The final touch was to put caps on all of the fence posts.  Not only does this make them look cool, it also helps keep moisture from soaking in.  That would be REALLY bad since those babies are seriously cemented into the ground, so having to replace a water-damaged post would be a nightmare involving a jackhammer.  We decided to do a combination of post caps, alternating solar lights and copper (or rather, plastic that looks like copper). The lights are attached with screws and we adhered the other ones with caulk. They probably won't withstand a tornado or anything, but as I said yesterday, if we have a tornado, I think fence post caps will be the least of our worries.



I tried to take a picture of them at night, but I was using the camera on my phone and this was the best I could do.  You will just have to trust me when I say they look awesome all lit up.



Meanwhile, we have a bunch of other non-fence things in the works, one of which is almost done, so check back soon for updates!

Friday, July 25, 2014

Good Fences Make Good Neighbors- Part 2

Don't Please Fence Me In

What!? The fence we have been talking about for two years is finally DONE!? Indeed it is! When I left off after my last post, we had spent an entire day digging holes and prying huge rocks out of the ground, and we were exhausted and crabby.  But we were motivated to get it done, so we hiked up our big kid pants and got back to work.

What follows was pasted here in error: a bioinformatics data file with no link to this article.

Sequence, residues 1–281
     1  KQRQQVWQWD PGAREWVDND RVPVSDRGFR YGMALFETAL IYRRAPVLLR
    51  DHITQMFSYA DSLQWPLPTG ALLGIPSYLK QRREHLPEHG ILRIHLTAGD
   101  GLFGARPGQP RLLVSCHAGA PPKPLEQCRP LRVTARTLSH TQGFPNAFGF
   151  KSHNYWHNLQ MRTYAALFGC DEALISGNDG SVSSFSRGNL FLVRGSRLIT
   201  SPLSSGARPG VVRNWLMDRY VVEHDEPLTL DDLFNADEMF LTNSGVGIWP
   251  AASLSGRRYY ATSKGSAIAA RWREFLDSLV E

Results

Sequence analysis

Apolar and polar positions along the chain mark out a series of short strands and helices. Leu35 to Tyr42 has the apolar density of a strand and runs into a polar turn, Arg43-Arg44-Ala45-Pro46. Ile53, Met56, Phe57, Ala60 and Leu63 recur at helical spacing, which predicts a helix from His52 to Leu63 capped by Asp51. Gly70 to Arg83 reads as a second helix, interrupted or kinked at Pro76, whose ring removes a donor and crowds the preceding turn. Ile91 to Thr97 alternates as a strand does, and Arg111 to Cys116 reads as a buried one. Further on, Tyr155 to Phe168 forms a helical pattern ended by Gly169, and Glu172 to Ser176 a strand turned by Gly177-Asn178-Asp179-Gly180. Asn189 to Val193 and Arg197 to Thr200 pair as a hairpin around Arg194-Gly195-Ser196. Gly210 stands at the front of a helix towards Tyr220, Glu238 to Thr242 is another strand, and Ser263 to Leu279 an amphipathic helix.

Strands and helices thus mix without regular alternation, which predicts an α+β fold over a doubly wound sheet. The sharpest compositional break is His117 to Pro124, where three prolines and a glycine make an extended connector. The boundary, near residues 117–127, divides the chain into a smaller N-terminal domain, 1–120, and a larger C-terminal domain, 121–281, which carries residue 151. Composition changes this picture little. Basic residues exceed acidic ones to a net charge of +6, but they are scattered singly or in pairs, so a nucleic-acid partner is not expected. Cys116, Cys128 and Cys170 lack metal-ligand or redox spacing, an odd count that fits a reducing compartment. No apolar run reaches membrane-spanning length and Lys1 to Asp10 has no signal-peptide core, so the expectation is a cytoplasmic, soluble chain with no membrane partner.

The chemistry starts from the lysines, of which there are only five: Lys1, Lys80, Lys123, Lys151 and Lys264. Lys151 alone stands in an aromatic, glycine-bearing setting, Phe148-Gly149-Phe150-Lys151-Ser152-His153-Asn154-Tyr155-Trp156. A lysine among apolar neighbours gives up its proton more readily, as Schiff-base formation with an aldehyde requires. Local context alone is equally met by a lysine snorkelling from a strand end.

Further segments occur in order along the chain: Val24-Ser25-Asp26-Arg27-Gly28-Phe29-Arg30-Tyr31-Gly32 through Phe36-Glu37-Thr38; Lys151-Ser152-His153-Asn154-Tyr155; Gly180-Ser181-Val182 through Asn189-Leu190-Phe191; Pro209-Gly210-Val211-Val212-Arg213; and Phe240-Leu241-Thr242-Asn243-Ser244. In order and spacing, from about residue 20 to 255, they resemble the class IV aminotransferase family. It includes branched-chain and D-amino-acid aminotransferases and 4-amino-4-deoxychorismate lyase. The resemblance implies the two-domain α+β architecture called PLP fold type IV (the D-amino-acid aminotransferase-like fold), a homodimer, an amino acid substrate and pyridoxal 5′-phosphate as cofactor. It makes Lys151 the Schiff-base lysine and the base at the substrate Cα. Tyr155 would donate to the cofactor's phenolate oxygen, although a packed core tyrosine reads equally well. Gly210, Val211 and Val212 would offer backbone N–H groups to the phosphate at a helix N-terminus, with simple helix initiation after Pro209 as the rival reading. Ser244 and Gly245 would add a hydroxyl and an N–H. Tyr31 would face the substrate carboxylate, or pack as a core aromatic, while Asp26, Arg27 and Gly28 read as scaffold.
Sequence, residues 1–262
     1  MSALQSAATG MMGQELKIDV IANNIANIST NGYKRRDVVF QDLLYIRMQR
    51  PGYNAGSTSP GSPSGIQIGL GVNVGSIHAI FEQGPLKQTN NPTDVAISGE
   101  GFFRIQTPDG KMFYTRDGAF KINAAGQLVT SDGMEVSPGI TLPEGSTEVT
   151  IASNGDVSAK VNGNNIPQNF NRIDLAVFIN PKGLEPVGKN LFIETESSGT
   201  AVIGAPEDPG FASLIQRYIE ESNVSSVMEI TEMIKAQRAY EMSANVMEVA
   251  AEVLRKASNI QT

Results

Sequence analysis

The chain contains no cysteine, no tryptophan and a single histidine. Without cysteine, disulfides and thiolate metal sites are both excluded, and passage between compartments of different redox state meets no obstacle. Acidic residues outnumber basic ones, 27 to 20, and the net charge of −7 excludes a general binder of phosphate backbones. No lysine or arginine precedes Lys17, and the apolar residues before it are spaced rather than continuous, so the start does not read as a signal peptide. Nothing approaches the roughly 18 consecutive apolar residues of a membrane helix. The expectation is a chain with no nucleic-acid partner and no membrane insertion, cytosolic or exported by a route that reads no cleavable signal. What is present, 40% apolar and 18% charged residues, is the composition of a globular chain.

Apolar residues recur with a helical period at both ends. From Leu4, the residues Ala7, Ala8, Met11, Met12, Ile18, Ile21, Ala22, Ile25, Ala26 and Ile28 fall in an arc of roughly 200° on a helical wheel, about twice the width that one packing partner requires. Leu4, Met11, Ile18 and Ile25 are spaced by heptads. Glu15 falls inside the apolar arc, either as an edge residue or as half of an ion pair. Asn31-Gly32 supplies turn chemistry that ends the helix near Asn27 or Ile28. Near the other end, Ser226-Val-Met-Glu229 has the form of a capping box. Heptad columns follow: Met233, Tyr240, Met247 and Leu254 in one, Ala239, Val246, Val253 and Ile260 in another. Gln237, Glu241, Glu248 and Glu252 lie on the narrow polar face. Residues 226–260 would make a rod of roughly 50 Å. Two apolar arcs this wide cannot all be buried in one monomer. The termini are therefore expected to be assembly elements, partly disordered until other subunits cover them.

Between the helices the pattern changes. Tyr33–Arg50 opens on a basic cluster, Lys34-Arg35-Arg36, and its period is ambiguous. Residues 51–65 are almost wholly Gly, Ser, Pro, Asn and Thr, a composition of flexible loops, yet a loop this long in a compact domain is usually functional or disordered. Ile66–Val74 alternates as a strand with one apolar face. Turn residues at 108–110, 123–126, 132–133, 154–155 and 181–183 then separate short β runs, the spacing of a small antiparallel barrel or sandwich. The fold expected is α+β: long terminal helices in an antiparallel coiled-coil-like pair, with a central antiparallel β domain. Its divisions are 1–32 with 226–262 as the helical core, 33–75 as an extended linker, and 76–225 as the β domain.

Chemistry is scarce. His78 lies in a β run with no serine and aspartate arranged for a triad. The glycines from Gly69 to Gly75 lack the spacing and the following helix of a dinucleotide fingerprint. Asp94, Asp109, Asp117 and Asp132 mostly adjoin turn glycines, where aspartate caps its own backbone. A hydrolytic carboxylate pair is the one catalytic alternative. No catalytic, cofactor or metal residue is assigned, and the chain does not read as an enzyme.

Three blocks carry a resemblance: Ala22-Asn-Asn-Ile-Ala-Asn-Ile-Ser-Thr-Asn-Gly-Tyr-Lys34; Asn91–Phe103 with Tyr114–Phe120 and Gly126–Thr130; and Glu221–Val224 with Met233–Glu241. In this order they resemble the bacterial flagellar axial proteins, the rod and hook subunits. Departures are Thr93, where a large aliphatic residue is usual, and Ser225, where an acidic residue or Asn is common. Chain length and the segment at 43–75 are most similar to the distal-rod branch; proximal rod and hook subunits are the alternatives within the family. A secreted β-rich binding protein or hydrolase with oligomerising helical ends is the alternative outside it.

The next step was to set the posts in the holes.  All of the videos we had watched beforehand suggested using 1-2 bags of concrete per hole, but as we got going, we discovered that we really had to use at least 4 bags per hole, which meant a return trip to the store for more concrete mix. We used the quick set stuff that you can mix right in the hole (basically just add water  and poke it with a stick!), and it sets in 20-30 minutes and is ready for light foot traffic in 8 hours (which is irrelevant here, since we weren't planning to walk on it anyway).  And true to claim, it sets FAST. As in, we had to make sure the posts were exactly in the right place and perfectly level, because once the water got mixed in, it firmed up almost immediately.